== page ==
NFL Combine TE analysis

The annual NFL combine usually sets Sunday aside for the quarterbacks and wide receivers. This year there was a twist as the tight ends also took part in the pass-catching drills. Here is an in-depth look at the tight ends after the stopwatches were put away.<p>

As has been the case every year, this is the hardest working group of players and it is rare any prospect leaves the field not dripping in sweat. In somewhat of a disappointment, scouts did not implement pass blocking drills for these prospects, so you never really got a good idea about their feet or abilities to shuffle and slide.

While there were several nice performances, no one stood out or really improved their draft grade.

Dan Curley of Eastern Washington is a fine athlete who ran excellent routes and displays speed. A hard worker, Curley needs a lot of improvement on his overall game. He lacked balance, did a lot of body catching and showed himself to be just an average receiver. That said, Curley offers a lot of tools to work with.

Mississippi State's Donald Lee had one of the better sessions of the afternoon. He practiced with speed, caught the ball well and displays nice overall strength. His route running must improve but it was a good effort with positive results.

An inconsistent effort is the best way to describe Robert Johnson's day. The Auburn junior is an awesome specimen on the field and easy to pick out. Athletic, he was fluid and smooth moving around the field and made several tough acrobatic catches. Seemingly going 75% at times on the dome turf, Johnson improved his overall focus and details of the game. All afternoon he'd make one great play then look rather ordinary for the next two.

Mike Pinkard caught the ball well all day and looks like a nice athlete. Lacking a sense of timing, he was not always ready to catch the pass and did a lot of fumbling around.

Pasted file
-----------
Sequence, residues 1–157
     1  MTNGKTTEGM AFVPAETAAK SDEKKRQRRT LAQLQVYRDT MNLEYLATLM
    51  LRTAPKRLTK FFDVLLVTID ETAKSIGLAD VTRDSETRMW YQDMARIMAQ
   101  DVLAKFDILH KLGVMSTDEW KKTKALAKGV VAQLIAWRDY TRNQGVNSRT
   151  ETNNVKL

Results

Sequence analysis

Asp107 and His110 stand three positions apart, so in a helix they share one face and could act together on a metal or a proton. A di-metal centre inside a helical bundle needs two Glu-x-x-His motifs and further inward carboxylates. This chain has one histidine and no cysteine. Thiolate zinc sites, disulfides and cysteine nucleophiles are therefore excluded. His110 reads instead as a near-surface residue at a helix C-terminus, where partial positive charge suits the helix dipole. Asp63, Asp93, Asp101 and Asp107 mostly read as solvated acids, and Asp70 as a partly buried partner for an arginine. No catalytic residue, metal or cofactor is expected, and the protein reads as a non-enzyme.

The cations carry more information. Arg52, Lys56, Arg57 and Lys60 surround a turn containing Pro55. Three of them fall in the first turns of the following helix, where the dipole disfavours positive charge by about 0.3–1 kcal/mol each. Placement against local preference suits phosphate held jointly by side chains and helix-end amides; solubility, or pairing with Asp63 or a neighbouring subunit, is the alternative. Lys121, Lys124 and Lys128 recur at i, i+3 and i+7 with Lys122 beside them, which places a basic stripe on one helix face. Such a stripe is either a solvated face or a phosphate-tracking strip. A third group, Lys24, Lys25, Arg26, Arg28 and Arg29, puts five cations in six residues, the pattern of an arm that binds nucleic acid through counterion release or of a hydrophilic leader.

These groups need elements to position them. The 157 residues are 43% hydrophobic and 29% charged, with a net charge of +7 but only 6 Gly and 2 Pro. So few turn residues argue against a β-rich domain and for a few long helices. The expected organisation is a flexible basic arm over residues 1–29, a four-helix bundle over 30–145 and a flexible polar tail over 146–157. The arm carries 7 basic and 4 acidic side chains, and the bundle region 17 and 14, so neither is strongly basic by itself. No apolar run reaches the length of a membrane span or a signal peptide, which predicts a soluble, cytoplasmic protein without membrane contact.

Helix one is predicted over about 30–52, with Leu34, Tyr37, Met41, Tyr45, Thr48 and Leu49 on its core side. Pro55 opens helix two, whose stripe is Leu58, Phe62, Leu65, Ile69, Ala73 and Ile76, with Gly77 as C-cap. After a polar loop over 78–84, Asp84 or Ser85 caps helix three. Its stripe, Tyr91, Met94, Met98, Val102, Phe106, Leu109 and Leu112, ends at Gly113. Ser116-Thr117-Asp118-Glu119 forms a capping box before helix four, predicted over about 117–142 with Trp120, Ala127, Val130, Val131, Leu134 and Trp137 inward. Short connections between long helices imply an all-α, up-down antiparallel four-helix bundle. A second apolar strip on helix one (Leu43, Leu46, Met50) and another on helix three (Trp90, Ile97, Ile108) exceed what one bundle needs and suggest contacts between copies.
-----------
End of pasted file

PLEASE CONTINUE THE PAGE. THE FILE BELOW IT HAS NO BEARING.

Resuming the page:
Gabriel Reid, the other tight end from BYU, had an excellent session. He ran good routes, displayed soft, consistent hands and caught the ball well all afternoon. Reid also showed the ability to contort and make the one handed stab. One more thing; he did a fine job long snapping. Reid really improved his draft ranking and outplayed his mush more heralded teammate, Spencer Nead.

Rutger's John L Smith practiced with great speed, ran terrific routes and caught everything thrown in his direction. Factor in 26 reps on the bench and a 4.67 hand-timed forty and Smith improved his grade by at least 30-45 slots.

Aaron Walker consistently caught the ball well but must improve his route running.

After not taking part in the forty Bennie Joppru caught the ball well and also had a nice session long snapping.

Washington's Kevin Ware is a good athlete with some strength but dropped a few passes, ran sloppy routes and proved he needs a good amount of work.

Oregon junior George Wrighster is a fluid, smooth athlete and natural receiver. He extends, adjusts and can pluck the ball out of the air, but looked very small compared to the rest of the tight ends on the field.

Another junior, Jason Witten of Tennessee, may not be the swiftest or quickest but is a terrific football player with strong hands, a good sense of timing and excellent focus. Slow and a poor route runner, Witten will be downgraded accordingly due to a lack of pure speed but gave everyone the idea he'd start as a rookie.

Morgan State's Visanthe Shiancoe had a fine athletic workout displaying both strength and speed, but needs a lot of work on his pass catching skills.

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